It’s not okay to compare lockdown with Holocaust, says Jewish group
Society is becoming increasingly casual and disrespectful to the mass murder of millions: SAJBD
The SA Jewish Board of Deputies (SAJBD) has lambasted comparisons between Covid-19 lockdown regulations and the Holocaust as “disrespectful to the mass murder of millions”.
Speaking to Times Select, president of the board and director of the Durban Holocaust and Genocide Centre Mary Kluk said it has become almost commonplace to use Nazi comparisons for just about any situation, and not only in SA.
“It is all too easy to forget that there are many people still alive for whom the Holocaust is not ‘history’, but their life story and that of their families.
“They carry the painful memories of the brutal murder of a cherished baby boy, the rape of a beloved sister, the parents arrested and never seen again,” Kluk said.
As South Africans face unprecedented level 4 restrictions, including a curfew and limited economic activity excluding the sale of alcohol and cigarettes, criticism is mounting, with some social media users likening the government to Nazi Germany’s secret police, the Gestapo.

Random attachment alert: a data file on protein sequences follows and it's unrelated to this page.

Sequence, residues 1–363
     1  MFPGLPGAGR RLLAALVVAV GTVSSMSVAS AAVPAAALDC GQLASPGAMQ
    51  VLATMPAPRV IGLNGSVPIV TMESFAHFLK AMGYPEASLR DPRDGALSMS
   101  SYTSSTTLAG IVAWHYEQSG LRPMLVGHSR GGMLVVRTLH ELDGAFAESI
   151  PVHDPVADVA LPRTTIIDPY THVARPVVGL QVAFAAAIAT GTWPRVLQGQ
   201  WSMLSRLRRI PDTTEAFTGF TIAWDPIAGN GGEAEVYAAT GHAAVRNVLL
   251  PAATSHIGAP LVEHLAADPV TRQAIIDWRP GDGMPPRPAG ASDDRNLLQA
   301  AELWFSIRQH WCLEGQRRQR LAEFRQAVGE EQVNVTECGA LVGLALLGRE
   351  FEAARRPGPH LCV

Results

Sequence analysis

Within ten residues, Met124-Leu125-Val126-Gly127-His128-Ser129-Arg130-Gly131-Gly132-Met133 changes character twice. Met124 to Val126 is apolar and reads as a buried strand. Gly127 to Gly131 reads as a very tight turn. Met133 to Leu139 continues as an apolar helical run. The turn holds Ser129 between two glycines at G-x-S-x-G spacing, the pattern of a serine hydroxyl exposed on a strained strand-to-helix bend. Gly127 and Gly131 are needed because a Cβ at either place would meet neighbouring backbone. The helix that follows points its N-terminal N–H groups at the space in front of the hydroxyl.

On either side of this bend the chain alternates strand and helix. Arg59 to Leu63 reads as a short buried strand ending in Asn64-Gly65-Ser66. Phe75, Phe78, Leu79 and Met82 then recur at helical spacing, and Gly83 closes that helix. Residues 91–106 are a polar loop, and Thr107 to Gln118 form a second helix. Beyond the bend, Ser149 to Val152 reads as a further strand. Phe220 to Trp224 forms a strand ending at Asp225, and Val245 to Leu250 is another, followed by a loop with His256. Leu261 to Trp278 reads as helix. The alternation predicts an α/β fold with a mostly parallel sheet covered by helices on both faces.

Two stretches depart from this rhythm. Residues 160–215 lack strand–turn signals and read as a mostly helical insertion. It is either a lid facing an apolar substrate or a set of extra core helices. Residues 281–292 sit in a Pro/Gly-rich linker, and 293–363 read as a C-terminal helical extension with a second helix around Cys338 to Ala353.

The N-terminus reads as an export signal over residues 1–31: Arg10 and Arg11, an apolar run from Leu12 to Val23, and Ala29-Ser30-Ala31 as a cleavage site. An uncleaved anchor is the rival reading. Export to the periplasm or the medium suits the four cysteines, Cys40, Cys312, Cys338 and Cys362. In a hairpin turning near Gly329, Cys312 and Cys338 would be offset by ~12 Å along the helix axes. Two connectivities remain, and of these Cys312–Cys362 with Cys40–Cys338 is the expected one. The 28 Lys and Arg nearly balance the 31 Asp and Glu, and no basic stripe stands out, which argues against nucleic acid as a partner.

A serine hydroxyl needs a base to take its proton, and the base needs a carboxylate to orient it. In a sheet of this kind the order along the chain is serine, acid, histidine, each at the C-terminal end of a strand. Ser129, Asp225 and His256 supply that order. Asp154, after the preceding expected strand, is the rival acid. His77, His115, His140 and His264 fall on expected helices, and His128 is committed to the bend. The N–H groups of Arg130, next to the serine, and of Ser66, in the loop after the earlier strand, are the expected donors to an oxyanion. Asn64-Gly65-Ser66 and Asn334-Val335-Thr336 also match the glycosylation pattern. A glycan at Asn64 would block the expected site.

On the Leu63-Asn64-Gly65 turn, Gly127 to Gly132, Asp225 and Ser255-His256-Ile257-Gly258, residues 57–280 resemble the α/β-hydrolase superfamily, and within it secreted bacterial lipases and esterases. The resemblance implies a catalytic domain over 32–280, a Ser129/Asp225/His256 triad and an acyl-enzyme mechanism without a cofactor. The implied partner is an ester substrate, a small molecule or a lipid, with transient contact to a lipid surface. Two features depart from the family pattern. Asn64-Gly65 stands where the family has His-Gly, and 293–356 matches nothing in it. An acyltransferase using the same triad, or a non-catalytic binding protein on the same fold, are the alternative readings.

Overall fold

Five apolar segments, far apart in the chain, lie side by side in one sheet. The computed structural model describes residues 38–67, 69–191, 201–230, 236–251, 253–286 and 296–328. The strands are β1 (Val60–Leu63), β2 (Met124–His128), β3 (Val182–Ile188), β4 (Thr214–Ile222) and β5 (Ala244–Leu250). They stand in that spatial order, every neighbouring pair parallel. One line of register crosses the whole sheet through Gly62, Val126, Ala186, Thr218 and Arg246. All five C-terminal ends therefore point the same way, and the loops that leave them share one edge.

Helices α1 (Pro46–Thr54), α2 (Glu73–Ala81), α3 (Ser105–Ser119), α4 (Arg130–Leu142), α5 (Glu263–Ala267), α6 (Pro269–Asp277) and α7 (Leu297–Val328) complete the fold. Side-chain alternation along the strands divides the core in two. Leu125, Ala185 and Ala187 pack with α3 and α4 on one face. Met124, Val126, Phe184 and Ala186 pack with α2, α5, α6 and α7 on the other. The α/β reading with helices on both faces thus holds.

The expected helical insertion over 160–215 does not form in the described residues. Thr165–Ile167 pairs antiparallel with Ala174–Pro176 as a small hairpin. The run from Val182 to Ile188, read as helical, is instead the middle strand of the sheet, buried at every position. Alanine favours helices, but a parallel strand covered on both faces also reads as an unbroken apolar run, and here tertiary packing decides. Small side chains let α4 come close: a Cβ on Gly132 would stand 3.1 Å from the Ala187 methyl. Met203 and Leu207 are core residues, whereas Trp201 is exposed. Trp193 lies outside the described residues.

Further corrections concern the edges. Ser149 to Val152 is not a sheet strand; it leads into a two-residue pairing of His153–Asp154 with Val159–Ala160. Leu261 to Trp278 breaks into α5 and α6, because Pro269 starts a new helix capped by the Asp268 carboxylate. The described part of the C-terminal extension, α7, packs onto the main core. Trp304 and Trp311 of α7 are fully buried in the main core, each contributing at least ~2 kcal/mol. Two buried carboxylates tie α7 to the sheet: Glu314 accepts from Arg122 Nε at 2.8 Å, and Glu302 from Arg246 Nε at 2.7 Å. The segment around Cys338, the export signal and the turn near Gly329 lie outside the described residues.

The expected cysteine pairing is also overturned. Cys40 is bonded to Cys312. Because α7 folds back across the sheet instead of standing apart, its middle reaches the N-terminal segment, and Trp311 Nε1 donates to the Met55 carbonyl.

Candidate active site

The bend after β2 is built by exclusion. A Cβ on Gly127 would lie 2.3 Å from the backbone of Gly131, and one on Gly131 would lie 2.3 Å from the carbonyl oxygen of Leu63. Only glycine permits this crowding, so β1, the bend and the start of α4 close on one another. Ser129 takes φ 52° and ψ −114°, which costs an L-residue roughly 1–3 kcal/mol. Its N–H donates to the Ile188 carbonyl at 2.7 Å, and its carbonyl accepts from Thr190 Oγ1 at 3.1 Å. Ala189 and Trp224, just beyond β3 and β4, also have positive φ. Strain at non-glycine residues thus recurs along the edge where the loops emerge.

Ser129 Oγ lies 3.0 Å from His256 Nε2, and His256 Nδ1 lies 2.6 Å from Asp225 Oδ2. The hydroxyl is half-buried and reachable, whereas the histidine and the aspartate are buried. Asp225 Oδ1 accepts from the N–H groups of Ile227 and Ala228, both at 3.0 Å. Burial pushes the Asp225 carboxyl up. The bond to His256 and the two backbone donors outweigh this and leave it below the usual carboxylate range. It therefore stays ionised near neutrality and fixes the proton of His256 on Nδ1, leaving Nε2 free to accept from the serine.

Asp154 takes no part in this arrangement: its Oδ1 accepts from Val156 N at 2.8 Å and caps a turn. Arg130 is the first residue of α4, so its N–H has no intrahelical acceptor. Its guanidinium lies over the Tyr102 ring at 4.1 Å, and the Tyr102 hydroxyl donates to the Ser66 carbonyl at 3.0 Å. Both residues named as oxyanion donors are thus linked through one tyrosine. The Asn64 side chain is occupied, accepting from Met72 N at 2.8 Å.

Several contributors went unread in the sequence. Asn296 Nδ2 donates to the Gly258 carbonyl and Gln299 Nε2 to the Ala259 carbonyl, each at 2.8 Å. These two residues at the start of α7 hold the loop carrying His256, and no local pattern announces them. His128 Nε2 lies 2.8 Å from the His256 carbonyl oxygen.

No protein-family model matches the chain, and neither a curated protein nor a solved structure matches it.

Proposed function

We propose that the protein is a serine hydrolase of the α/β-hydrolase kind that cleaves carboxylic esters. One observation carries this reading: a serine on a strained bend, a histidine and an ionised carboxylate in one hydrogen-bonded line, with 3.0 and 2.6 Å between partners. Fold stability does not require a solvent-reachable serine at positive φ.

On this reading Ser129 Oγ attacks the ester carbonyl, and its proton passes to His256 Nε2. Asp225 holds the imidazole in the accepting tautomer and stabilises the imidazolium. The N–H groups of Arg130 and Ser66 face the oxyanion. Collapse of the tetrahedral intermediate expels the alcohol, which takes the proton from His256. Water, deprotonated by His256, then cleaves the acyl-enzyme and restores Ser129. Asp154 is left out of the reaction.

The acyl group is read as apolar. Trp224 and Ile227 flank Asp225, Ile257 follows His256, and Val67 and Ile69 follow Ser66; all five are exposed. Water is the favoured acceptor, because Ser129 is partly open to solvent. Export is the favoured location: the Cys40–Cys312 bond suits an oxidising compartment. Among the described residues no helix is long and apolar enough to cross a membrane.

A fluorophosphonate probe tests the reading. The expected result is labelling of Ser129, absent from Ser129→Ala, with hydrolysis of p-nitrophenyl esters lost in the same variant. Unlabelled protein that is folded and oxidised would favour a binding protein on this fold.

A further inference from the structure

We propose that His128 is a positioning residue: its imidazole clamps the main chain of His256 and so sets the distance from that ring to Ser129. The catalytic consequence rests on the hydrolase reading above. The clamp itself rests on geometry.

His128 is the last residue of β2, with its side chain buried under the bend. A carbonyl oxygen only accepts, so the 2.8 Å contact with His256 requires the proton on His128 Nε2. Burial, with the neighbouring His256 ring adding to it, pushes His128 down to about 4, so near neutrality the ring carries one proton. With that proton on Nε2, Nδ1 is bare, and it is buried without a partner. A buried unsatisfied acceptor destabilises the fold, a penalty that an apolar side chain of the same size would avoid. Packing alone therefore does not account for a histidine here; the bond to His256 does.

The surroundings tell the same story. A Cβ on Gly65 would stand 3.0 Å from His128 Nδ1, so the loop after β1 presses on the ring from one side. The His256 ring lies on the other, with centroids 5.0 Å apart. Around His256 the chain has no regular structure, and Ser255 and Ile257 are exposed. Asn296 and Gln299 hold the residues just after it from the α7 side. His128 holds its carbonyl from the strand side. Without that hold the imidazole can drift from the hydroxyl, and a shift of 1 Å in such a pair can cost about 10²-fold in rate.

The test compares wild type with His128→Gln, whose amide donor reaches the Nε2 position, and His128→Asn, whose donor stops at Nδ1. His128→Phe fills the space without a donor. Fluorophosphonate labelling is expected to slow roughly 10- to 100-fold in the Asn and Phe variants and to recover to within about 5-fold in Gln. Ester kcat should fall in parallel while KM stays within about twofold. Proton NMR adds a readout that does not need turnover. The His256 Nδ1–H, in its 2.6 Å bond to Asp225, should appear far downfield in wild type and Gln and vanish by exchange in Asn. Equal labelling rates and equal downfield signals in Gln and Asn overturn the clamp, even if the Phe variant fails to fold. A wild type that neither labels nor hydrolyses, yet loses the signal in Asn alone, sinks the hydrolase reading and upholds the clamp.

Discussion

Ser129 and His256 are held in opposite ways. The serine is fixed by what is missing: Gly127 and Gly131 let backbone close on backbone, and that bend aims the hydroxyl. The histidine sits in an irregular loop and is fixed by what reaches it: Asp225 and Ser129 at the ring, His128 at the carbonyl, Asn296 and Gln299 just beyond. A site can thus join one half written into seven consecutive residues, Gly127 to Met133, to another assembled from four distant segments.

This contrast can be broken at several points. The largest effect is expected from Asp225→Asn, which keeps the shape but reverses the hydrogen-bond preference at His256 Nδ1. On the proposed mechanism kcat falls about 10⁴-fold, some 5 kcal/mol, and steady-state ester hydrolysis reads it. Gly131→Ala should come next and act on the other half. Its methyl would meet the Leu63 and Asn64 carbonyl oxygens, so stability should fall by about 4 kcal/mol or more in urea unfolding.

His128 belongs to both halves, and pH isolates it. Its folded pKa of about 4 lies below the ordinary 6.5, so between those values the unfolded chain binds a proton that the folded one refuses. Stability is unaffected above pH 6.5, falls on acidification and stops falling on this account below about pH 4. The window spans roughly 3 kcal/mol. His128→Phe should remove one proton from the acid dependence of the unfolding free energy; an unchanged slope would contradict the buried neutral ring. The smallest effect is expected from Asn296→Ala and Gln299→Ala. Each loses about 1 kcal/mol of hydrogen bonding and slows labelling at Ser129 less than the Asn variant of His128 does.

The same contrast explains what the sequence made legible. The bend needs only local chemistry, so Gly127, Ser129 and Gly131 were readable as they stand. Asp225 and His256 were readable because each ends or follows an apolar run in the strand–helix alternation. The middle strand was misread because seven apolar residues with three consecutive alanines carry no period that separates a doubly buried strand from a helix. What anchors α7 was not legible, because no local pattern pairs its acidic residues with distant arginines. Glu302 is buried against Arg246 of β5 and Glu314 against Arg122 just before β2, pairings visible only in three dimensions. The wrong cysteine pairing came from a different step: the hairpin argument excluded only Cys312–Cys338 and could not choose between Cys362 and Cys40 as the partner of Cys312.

Kluk said online discussions tend to encourage extreme opinions, thereby allowing people to live in echo chambers of their own ideologies.
“As the Holocaust recedes in time, society is becoming increasingly casual and disrespectful to the mass murder of millions. More dangerous, today the internet disseminates insensitive or hateful remarks with unprecedented ease and influence.
“When we resort to grossly simplified Holocaust imagery and analogies we demean the memory of the dead,” Kluk said.
The umbrella body of the SA Jewish community took the opportunity to remind those drawing comparisons that about six million Jews were killed in the Holocaust. At least one million were children.
“Any comparison with the Holocaust is flippant and insensitive,” she added.
Instead, she called for a spirit of co-operation, unity of vision and caring for one another.
“We will not only succeed in overcoming these challenges, but emerge all the stronger, as a people and a country, as we prepare to adapt to a post-Covid-19 future.”